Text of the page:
How to Set up a Home Tutoring Business
Setting up a home tutoring business is a great way to earn some supplemental income or
even make a career change if you're successful enough. By finding your strengths as a potential
tutor, determining the right fees, and marketing your new service, you can go into business
for yourself as a tutor.
Planning Your Tutoring Business
Play to Your Strengths
Tutors can provide assistance in nearly every subject that students take from elementary
school all the way through college. Break down the grade levels and subjects with which you
are comfortable enough to tutor students.
Don't forget to include those at a lower level. For example, if you're comfortable tutoring
in math all the way through calculus, then you shouldn't forget to include algebra and geometry students.
If you're not a retired teacher, substitute, or otherwise familiar with curriculums in your
area, then check with your state's department of education to see what you must be proficient
in to tutor certain grade levels.
Common Core standards have also been adopted by a number of U.S. states, so you can look into
your state's adoption of these standards for curriculum information as well.
Check Out the Competition
Call other reputable tutoring services in your area to learn their services and rates.
Find out if those rates are based on tutors who are certified or not. This research will help
when you eventually decide on pricing, and it will also give you the chance to see the areas
in which your competition specializes. Use this information to help set your service apart.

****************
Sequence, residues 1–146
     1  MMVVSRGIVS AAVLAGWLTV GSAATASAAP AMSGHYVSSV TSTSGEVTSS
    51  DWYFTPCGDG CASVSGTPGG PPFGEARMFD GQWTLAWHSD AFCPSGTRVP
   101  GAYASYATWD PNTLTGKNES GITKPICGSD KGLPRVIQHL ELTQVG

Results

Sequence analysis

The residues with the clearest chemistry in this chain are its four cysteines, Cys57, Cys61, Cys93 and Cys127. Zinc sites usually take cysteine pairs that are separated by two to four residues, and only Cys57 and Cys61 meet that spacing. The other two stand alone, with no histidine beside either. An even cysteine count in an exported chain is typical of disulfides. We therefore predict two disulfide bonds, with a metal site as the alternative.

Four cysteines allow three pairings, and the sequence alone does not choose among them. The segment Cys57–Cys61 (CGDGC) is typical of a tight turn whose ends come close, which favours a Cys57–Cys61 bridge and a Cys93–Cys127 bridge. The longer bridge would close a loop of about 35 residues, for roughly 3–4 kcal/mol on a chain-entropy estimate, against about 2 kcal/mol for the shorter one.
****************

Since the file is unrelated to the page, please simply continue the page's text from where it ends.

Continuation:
Consider Getting Certified
Most states do not require any specialized training for someone to work as a tutor. However,
parents are essentially entrusting the academic development of their children to you (not to
mention paying for the service), so tutoring certifications can help separate you from the
crowded tutor pack - not to mention translate into higher hourly fees.
The National Tutoring Association (NTA) and American Tutoring Association (ATA) are two
organizations that offer certifications to help distinguish your tutoring business. You can
expect to spend between $200 and $500 for the certification depending on the subjects and
course levels at which you seek certification.
Pick a Name
Once you know your areas of specialization, you can start building a brand for your business.
Choose a name that sets your service apart, and Google it to ensure that it's not already taken.
You'll also need to choose a name for the business before you can file for the business
license in your state.
Remember That it's Not Just Tutoring
While you'll spend the bulk of your time as a tutor assisting students, you must remember
that you are still starting a small business. You'll have to file for the appropriate small
business license in your state, perform bookkeeping duties, pay taxes, market your services, etc.
If you're unfamiliar with setting up a business, then you may want to see a tax specialist
concerning the best way for you to file. However, you will most likely want to file your
business as an LLC (Limited Liability Corporation). This will protect you as the owner from
the debts of the business if it fails or any judgments against it.
You may also want to spend some time talking to a small business attorney who can point you
in the right direction regarding state and local ordinances pertaining to liability, such as
how to protect yourself in the event of a student injuring himself or herself while in your home.